Common concerns about Copwatch
Many people in Winnipeg have never experienced, witnessed or heard first hand accounts of police violence. When they hear about Copwatch they sometimes respond with the following concerns:
- I know a police officer, and he/she is a good person.
- Not all cops are bad, there’s only a few bad apples.
- Police have a stressful, dangerous job, and we should respect what they do.
- Police are there to protect me, my family and my property.
It’s true that police work can be dangerous and that many police officers who join the force do so for good reasons, wanting to serve Winnipeg and help its citizens, but we also think that police officers are not above the law and need to be responsible and accountable for their actions. We seek to look beyond single events or officers, looking to systemic problems within the Winnipeg Police Service as an institution, including systemic racism, systemic violence, racial profiling, and the criminalization of racialized and marginalized people. Because of these systemic problems, as an institution the police do not protect everyone equally.
By using the term systemic, we mean that we focus on the ways that institutions work. Systemic processes are often taken for granted as normal and neutral, but they can work to favour some groups of people and discriminate against others. For example, we often assume that the justice system is blind to race, class, gender and other factors, but a white person is still more likely to have money, and it is still easier for people with money to access a lawyer.
Systemic racism is when people are kept out of or denied opportunities in society’s institutions on the basis of their perceived race, ethnic background, place of origin, or ancestry. This is not obvious racism, such as racist slurs or jokes, but built-in or unconscious racism as a result of an institution’s laws, values, assumptions, and stereotypes.
In Winnipeg, for example, obvious racism is still quite common, but many people have learned to be more politically correct. However, on a systemic level, for example, Aboriginal people and new immigrants are still much more likely to live in poverty.
Systemic violence is when certain groups of people or individuals are more likely to be targeted or to experience abuse, misconduct or violence through institutions, such as the police service or justice system, because of their perceived race, class, gender, sexuality, ability, ethnic background, place of origin, or ancestry, among other traits.
Racial profiling is a type of systemic racism in which people are targeted, or racially profiled, and considered suspicious because of their perceived race rather than because they showed any actual suspicious behaviour or signs. For example, since September 11, 2001, it has been more likely for brown people with beards to be targeted in airports without exhibiting any actual suspicious behaviour.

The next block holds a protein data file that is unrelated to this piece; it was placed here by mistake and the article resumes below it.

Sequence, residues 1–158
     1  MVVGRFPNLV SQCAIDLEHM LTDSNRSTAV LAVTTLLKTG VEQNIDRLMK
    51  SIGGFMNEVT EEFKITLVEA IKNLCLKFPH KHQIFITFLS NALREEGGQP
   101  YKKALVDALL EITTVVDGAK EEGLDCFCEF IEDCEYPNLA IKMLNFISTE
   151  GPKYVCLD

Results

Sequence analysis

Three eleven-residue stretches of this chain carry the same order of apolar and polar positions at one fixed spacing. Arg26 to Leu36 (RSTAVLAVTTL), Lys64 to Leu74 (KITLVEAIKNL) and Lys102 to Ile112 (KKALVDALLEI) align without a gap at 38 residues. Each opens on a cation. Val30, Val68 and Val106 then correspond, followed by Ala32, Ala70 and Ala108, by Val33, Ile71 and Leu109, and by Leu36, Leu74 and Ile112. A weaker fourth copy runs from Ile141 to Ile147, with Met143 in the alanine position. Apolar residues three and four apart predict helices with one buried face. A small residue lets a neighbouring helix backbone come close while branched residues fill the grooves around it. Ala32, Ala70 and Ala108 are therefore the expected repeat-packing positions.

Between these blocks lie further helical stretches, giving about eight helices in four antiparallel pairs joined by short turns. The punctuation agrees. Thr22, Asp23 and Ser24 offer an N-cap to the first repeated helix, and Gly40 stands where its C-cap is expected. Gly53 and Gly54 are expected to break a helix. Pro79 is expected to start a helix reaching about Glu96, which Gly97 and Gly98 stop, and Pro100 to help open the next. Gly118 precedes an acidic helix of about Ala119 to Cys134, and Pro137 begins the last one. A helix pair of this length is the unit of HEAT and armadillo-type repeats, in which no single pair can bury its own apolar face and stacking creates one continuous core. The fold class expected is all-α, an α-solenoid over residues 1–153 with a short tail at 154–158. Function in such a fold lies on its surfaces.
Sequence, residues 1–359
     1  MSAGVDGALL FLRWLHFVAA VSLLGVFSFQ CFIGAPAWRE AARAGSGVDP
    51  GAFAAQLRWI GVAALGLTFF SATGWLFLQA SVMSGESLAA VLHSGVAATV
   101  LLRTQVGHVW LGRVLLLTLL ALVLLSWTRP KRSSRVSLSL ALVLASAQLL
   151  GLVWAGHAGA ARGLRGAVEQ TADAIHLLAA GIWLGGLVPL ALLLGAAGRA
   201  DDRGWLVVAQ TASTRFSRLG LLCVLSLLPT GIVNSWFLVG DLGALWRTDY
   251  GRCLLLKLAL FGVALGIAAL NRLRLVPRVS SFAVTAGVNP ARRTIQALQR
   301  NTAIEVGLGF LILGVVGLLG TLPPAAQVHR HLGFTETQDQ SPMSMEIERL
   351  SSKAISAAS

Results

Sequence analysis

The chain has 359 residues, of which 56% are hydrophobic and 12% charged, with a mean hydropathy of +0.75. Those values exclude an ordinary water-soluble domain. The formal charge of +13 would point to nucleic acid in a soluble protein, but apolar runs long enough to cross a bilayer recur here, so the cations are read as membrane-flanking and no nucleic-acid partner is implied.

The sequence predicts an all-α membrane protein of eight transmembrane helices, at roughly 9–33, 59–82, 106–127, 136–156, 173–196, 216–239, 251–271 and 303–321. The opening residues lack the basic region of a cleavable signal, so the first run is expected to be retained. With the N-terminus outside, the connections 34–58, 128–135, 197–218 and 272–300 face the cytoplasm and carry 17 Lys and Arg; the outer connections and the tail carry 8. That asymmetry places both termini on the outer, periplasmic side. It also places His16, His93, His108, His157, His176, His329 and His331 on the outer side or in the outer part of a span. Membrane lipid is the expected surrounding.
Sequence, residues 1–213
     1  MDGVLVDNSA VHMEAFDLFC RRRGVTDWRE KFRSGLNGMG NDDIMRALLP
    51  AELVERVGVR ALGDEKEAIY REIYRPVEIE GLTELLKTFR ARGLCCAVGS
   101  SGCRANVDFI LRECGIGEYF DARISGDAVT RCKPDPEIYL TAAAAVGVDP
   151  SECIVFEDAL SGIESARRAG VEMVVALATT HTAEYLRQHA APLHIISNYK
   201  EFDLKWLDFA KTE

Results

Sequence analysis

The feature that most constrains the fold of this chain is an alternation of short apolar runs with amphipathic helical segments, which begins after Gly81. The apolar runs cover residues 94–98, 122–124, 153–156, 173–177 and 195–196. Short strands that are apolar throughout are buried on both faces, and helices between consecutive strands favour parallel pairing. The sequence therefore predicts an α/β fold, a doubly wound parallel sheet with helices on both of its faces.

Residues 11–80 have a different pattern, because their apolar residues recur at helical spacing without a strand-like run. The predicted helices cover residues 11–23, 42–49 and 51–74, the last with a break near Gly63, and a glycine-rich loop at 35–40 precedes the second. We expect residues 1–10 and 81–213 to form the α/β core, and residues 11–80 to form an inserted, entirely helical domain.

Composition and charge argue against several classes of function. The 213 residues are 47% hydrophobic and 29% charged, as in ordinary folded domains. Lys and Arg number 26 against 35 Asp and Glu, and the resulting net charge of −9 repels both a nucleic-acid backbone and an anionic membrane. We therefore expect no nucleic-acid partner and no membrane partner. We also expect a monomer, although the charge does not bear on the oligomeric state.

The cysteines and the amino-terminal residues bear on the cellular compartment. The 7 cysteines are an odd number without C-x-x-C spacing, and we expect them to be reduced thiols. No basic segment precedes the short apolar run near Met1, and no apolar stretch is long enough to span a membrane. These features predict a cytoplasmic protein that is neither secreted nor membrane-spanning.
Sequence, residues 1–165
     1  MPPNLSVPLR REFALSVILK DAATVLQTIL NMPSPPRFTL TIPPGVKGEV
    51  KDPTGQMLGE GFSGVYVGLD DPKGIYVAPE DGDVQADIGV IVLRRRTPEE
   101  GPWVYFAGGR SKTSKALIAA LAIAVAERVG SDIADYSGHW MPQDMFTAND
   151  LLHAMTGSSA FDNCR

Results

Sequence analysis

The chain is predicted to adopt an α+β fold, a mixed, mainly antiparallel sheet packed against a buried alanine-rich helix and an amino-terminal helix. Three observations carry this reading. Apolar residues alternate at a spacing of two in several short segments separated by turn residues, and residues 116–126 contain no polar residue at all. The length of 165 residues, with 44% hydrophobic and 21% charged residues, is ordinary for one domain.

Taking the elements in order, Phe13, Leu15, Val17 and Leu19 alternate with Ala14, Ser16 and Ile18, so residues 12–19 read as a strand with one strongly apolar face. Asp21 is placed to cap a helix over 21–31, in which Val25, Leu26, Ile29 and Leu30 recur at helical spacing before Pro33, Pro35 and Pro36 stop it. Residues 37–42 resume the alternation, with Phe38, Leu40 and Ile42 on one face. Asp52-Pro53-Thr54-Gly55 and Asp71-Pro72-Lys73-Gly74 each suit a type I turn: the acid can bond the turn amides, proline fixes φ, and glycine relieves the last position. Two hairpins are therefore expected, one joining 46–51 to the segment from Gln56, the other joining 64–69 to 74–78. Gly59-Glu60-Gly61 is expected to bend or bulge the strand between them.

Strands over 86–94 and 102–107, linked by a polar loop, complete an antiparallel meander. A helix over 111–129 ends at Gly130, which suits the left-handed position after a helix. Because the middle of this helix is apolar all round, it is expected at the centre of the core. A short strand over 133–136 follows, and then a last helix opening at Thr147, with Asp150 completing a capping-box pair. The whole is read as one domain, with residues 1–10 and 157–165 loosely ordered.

Racialization is a term that is used to point out that race is not a biological, genetic, unchanging, or objective trait. By using “racialized” instead of “race,” we can begin to understand that race is a social and cultural category that changes over time and in different places and is often used to discriminate.
Marginalization is the process where people end up or are pushed to the “edges” of society or a lower social standing through reduced access to power or resources, such as food and shelter. People who are marginalized are less likely to be equally represented in politics or public dialogue and have fewer chances to participate in public society.
Safety for Whom?
Police do not protect everyone equally. For many, the police are a symbol of protection, safety, and security. For many others, systemic racism and violence are everyday experiences and as a result they do not trust the police or depend on the police to protect them, their families, or their property. Rather, police are seen as dangerous themselves. Mistrust and fear of the police can lead people into conflict with the law that can result in arrest or being jailed. This is called criminalization: when people are pressured as a result of racism or inequality into actions and behaviours that the dominant society considers to be criminal. Mistrust or fear of police can also lead people to react to police in ways that increase tension and suspicion, sometimes leading to their injury or death at the hands of police.
Copwatch acknowledges that in our society there are few alternatives to the police for protection. We do not condemn any person who chooses to call the police in emergency situations. Winnipeg Copwatch’s aim is to work together to hold police accountable for their actions, to inform people about their rights, and ultimately to end police misconduct.
In 2007 the Manitoba Human Rights Commision organized consultations with members of racialized communities on the topic of policing in Winnipeg. The Commission reported that several themes emerged from people’s testimonials, including:
- the systemic nature of racial bias in the Winnipeg Police Service
- the abusive treatment by police based on Aboriginal ancestry
- sexually abusive treatment of Aboriginal women by police
- the need for community-based policing
- racial bias in police response to requests for service and in contacts with police
- fear that many members of racialized communities have of the police
- need to educate members of racialized communities about their rights
- the importance of anti-racism education
- the need for a more effective public complaints mechanism
You can also read the full report.